G-20’s Clever Non-Cooperation Will Widen Global Imbalances
G20’s commitment on Sunday to halve government deficits by 2013 and “stabilize” debt loads by 2016 is not international cooperation, but a statement that describes national policies already in place. Entailing that all countries can adopt the policies they want to adopt, the communiqué struck a balance between thrifty and spendthrift nations, respectively spearheaded by Germany and the United States. It implicitly redeems Angela Merkel, demonized as the frugal Swabian housewife amid Europe’s economic uncertainties, and buys time for the Obama administration to perpetuate America’s epic deficits past the 2012 presidential race. What does this mean?
For one, it merely reflects the familiar fact of international relations: fiscal policy is a sovereign prerogative. But the policy status quo also entails widening of global imbalances. Europe’s fiscal retrenchment and US spending, coupled by weak euro and Asia’s continued export drive, will reaffirm US role as the world’s consumer of last resort. In this “Bretton Woods III” regime, global imbalances will be sustained by massive US public deficits, not private consumption as was the case pre-crisis. The outcome is troubling for three reasons. First, trade deficits are America’s familiar precursor to protectionism. US trade agenda is already non-existent, and November mid-term elections postpone G20’s repeated commitments to conclude the 9-year Doha Round even further. The global trading system that America has championed for decades continues splintering by a race for bilateral accords, a distant second best to a global deal. Second, imbalances undermine confidence in US economy. As current account deficit peaked at 6.5 percent of US GDP in 2006, confidence in the US economy was feared to erode and the dollar deemed to fall by as much as 40 percent. While the crisis was not caused by a “sudden stop” of capital inflows in the United States – instead, as the crisis globalized, money flowed to America in escape of turbulence elsewhere – US debt is now approaching record levels where a sudden stop is more plausible. What’s more, interest payments will divert resources abroad right when America’s global competitiveness squarely depends on investing in its next generations at home.
Catherine Mann estimates that runaway deficits at 10 percent of GDP in 2030 would entail an annual transfer of 7 percent of US GDP overseas in debt payments, the equivalent to the output of New York state. Third, a rebound of imbalances complicates the US-sponsored G20 “Framework for strong, sustainable and balanced growth,” a concerted effort to contain imbalances through a peer-review process. The G20’s credibility is at stake: how the group deals with the imbalances will be a key barometer of its performance. Unlike the other items on its agenda – financial regulations, IMF reform, trade liberalization, and so on – that will ultimately be dealt with in other forums, the imbalances are and have been the core competence of the G system since its founding in 1973. The collaboration, while grudging, had its successes, most notably the historic 1985 Plaza Accord among the G-5.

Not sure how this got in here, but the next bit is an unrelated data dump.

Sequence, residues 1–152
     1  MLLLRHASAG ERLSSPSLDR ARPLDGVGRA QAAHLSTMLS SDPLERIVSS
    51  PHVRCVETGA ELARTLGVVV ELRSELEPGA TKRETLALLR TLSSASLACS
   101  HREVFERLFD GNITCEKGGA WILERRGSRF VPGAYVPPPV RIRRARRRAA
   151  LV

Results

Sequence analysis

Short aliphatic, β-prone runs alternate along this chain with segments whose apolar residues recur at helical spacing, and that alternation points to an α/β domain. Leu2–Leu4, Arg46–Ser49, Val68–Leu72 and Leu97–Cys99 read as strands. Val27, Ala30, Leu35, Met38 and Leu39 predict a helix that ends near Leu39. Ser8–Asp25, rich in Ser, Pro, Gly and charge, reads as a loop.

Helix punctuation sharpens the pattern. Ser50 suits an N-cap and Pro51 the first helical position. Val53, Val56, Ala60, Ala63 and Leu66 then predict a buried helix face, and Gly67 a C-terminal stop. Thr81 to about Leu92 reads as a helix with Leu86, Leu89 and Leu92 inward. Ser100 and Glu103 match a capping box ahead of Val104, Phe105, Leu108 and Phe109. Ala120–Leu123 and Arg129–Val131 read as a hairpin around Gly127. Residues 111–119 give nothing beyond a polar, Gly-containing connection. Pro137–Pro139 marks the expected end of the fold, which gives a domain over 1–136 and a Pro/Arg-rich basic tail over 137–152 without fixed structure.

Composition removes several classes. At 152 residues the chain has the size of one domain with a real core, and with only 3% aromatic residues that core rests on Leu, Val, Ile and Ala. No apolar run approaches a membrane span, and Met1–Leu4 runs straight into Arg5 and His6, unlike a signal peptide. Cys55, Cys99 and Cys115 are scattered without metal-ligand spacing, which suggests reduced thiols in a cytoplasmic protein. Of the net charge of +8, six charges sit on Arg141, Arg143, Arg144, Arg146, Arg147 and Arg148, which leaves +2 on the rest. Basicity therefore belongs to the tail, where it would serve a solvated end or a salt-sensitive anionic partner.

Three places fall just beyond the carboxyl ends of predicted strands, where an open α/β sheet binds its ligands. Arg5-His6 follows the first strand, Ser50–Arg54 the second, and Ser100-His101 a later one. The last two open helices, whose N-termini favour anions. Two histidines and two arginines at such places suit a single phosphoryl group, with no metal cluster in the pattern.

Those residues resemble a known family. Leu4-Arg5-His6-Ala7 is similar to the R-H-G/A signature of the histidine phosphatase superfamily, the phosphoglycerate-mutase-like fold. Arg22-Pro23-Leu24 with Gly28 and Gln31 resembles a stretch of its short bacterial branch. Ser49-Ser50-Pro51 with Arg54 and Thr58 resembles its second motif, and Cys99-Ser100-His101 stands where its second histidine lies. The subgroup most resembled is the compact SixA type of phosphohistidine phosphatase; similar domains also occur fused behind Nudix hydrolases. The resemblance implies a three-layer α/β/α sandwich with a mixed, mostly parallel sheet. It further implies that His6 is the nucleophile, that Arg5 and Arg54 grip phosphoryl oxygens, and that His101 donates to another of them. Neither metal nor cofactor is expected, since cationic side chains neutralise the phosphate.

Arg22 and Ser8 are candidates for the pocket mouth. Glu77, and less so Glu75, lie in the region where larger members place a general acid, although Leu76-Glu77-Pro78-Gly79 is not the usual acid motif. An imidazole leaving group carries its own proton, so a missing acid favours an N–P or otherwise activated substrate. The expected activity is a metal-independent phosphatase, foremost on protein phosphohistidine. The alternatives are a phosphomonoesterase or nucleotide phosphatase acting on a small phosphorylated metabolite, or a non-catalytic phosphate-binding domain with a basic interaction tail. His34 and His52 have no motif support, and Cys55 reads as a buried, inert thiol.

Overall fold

At time of record deficits, America cannot be yet again become the world’s buyer. Yet that is happening. Washington urgently needs a plan for fiscal consolidation. Growth cannot be killed and certainly not by taxes, already because tax revenue hinges on robust growth. But instead of indebting America further, the Obama administration must issue a credible plan for reducing the deficit and prioritize private sector-led growth. President Obama’s commission on national debt must think bigger and for the longer haul than stopping at advocating a value added tax. The trade-offs are meager: any negative effects of reduced spending are consistently offset by greater availability of capital investment. Historically, robust investment and growth have been sustainable only on the back of domestic saving. America’s main counterpart in the global balancing act, China has to do it share. Beijing’s pre-summit token renminbi revaluation helped it, as intended, deflect G20 attention away from its currency manipulation. China must commit to a staged currency revaluation and structural reforms so as to end its export-dependence.
Emerging Asian nations have scant incentives to revalue their currencies before China and Japan do so. Beijing needs to be a wayfarer in building vibrant services economies stoking consumer-led growth. In the G20, continuity is crucial. The leaders need to regularly dedicate time to addressing the imbalances, single out laggard nations, and continue to measure progress – and act in its absence, such as by calling a special finance ministerial. Rubber hits the road in the November Summit in Seoul. Without action by all key governments, the G20 will be relegated to a talk shop without stomach for tackling global economic challenges. The best factual statement of national policies then would be about saving in America, growth in Europe, and robust import demand in Asia.
The views expressed in GMF publications and commentary are the views of the author alone.